Washington: We, the Intergovernmental Group of Twenty-Four on International Monetary Affairs and Development, held our ninetieth meeting in Washington, D.C. on October 10, 2013 with Mr. Fernando Aportela, Deputy Minister of Finance and Public Credit of Mexico in the Chair; Mr. Karim Wissa of Egypt as First Vice-Chair; and Mr. Mohammad Safadi, Minister of Finance of Lebanon as Second Vice-Chair.
Khartoum: African finance and monetary officials from 50 countries have called on the World Bank and the International Monetary Fund to help African countries in the area of infrastructure and to assist eligible African countries address their debt arrears and gain full access to debt relief. After two days of meetings in Khartoum, the African Governors of the World Bank Group and the International Monetary Fund, issued the Khartoum Declaration calling on the World Bank Group to partner with other donors to establish a Single Infrastructure Project Preparation Facility for Africa to support large-scale transformational infrastructure projects and urged the IMF make sustained effort to encourage remaining countries to expeditiously submit their pledges on the gold sales windfall distribution to enhance Fund's concessional resources under the Poverty Reduction and Growth Trust (PRGT).
Nairobi: The latest World Bank review of policies and institutions in Sub-Saharan Africa shows an overall stable environment for growth and poverty reduction despite divergence across countries. The review is part of the annual World Bank Country Policy and Institutional Assessment (CPIA) that rates the performance of poor countries. Since 1980, CPIA ratings have been used to determine countries’ allocation of zero-interest financing under the International Development Association, the World Bank Group’s fund for the world’s poorest countries. The scores of 11 countries rose by 0.1 points or more, reflecting a strengthened policy agenda, and the indexes of another 12 countries declined by at least 0.1 points.
We, the Intergovernmental Group of Twenty-Four on International Monetary Affairs and Development, held our eighty-ninth meeting in Washington, D.C. on April 18, 2013 with Mr. Luis Videgaray Caso, Secretary of Finance and Public Credit of Mexico in the Chair, Dr. Ashraf El-Araby, Minister of Planning and International Cooperation of Egypt as First Vice- Chair, and Mr. Alain Bifani, Director General of Finance of Lebanon as Second Vice-Chair.
New Delhi: Planning Commission Deputy Chairman Montek Singh Ahluwalia, on Wednesday, said that the G-20 countries should find ways for recapitalising multilateral development banks. He made this suggestion at an event organised by the Confederation of Indian Industry (CII). Various industry heads met to gather inputs in the run-up to St. Petersburg G-20 Summit Meeting to be held in September.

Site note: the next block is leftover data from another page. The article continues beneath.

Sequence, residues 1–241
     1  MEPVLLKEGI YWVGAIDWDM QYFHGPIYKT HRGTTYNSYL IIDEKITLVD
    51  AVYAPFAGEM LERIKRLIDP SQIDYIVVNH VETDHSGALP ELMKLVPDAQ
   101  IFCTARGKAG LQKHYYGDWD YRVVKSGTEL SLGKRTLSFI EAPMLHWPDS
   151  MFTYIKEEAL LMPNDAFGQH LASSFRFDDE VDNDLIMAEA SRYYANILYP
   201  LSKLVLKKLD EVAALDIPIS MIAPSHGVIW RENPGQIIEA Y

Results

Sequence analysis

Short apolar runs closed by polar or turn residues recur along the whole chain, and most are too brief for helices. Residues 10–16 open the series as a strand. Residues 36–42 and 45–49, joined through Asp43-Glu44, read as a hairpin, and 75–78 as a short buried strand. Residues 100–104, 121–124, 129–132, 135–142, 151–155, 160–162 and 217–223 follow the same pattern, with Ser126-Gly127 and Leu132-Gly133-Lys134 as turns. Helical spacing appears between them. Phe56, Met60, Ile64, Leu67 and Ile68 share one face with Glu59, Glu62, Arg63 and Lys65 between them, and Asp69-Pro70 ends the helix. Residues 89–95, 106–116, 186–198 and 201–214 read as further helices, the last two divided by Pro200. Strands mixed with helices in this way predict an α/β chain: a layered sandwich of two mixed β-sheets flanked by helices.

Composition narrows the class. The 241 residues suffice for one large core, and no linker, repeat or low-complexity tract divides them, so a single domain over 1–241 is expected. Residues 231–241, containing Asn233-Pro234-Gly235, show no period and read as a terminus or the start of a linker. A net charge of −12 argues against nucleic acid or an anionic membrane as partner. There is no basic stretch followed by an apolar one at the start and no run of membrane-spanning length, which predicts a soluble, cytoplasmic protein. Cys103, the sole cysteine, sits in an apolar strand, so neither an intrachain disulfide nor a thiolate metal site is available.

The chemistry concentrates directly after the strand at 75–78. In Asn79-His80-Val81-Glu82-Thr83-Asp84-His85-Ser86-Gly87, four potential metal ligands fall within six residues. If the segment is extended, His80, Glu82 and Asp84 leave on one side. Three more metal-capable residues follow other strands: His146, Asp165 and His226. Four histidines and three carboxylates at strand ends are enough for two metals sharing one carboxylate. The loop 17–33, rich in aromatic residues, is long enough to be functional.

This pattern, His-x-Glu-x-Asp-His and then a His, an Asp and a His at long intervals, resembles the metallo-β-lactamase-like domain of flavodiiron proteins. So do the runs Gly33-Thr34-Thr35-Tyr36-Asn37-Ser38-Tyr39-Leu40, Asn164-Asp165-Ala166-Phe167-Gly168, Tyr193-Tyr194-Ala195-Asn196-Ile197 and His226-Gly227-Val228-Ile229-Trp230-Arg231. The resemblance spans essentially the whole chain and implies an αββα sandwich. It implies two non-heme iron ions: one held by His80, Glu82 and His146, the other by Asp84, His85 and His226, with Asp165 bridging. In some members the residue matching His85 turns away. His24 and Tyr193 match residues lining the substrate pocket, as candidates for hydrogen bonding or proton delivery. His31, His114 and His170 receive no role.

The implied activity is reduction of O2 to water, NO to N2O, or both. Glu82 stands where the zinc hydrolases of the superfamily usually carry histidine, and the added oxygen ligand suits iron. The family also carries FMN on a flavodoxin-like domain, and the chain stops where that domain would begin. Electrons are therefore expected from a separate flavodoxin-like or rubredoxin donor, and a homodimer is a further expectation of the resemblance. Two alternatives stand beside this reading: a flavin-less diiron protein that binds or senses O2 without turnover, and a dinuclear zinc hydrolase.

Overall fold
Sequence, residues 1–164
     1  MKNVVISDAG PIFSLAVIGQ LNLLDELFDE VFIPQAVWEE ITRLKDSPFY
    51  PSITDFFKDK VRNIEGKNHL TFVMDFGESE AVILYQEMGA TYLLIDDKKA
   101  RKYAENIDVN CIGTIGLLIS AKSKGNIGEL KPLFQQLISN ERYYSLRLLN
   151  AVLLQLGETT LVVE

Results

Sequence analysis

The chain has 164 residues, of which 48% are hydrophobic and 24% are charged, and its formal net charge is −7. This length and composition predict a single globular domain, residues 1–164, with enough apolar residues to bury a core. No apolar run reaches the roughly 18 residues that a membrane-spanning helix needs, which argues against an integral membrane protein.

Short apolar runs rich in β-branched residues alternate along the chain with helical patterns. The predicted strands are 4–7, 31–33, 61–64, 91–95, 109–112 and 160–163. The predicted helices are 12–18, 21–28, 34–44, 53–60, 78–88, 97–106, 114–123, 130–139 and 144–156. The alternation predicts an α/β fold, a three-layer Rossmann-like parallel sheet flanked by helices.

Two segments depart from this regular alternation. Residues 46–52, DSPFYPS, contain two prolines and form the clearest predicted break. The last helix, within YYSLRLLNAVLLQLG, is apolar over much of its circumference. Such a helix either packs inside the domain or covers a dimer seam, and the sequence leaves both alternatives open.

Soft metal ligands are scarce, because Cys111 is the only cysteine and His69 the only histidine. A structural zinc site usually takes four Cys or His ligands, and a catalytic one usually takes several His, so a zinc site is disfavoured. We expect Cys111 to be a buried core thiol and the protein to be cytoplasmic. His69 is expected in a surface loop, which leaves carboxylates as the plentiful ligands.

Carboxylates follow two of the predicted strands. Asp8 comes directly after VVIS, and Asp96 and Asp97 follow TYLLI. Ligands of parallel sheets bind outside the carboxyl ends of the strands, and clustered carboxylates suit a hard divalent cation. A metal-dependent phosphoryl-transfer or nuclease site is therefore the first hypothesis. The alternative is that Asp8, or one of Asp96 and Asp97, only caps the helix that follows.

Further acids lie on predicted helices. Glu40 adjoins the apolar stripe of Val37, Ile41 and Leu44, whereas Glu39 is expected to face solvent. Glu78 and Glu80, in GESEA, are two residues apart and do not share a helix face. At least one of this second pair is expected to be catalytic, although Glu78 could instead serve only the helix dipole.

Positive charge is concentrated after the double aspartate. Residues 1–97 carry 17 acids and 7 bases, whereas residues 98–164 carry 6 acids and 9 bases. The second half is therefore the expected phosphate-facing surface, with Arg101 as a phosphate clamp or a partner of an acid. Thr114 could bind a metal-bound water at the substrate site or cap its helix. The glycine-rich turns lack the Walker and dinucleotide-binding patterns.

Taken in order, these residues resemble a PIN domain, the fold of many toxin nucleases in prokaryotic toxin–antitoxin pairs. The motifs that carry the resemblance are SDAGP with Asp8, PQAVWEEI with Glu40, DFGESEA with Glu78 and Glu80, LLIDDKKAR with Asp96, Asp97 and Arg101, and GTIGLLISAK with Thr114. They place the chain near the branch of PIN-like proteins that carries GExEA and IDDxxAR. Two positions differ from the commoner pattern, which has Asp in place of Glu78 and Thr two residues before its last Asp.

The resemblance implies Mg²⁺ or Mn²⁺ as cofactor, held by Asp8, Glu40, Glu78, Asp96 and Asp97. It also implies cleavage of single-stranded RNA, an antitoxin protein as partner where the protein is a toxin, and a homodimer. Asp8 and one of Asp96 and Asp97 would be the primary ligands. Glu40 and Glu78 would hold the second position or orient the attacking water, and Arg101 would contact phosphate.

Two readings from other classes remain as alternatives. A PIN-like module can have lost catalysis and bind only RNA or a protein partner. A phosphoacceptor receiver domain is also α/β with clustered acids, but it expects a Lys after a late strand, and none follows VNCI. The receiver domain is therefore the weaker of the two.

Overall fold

Johannesburg: Emerging market economies need to urgently think of ways and means to keep their growth rate up in order to cushion themselves against the harsh effects of the economic slowdown in the euro zone and the United States, a senior World Bank official said on Tuesday. Kaushik Basu, Senior Vice President and Chief Economist of the World Bank, told economists, academics, company executives and journalists in Johannesburg that in the global world a financial crisis in one country affects another country. "No matter how bad the global situation is, emerging markets must strive to do better," Basu said when delivering a lecture on emerging market economies in a changing world at the University of Witwatersrand Business School in Johannesburg.
New Delhi: BRICS nations - Brazil, Russia, India, China and South Africa - are likely to finalise the structure of a development bank that will fund infrastructure in the associate nations at the BRICS summit in Durban in March. The bank, however, may not start functioning before 2014 and is likely to have substantially less initial paid-up capital than the amount of $240 billion that is doing the rounds currently. Officials of BRICS countries are scheduled to meet in Pretoria, South Africa on January 10-11 to look at the viability and feasibility of setting up the bank.
Beijing: The World Bank Group and China have launched a new knowledge hub to improve development outcomes, aiming to spread practical knowledge from China’s successes in reducing poverty both within China as well as to other countries. Initially, the knowledge hub will help find environmentally friendly solutions to expand urban transport in China’s cities.
Fifty-two years after its creation, the International Development Association (IDA) is facing a watershed moment. Drastic changes in the supply of and demand for the World Bank’s concessional finance mean that IDA’s purpose, tools, and broader role within both the international aid system and the World Bank Group need to be reconsidered. Even under conservative assumptions, IDA will face a wave of likely client graduations over the next 10 to 15 years. Its client base will soon be much smaller, more fragile, and almost entirely African, creating major implications for its operational model, future replenishments, and its relationship with other multilateral development institutions.
Tokyo: India has voiced concern over the depleting financial resources of the World Bank, which it thinks could handicap the ability of the multilateral lender's fight against poverty. The issue assumes significance as emerging economies that are part of the BRICS (Brazil, Russia, India, China, South Africa) grouping have proposed a BRICS Development Bank as an alternative to the World Bank.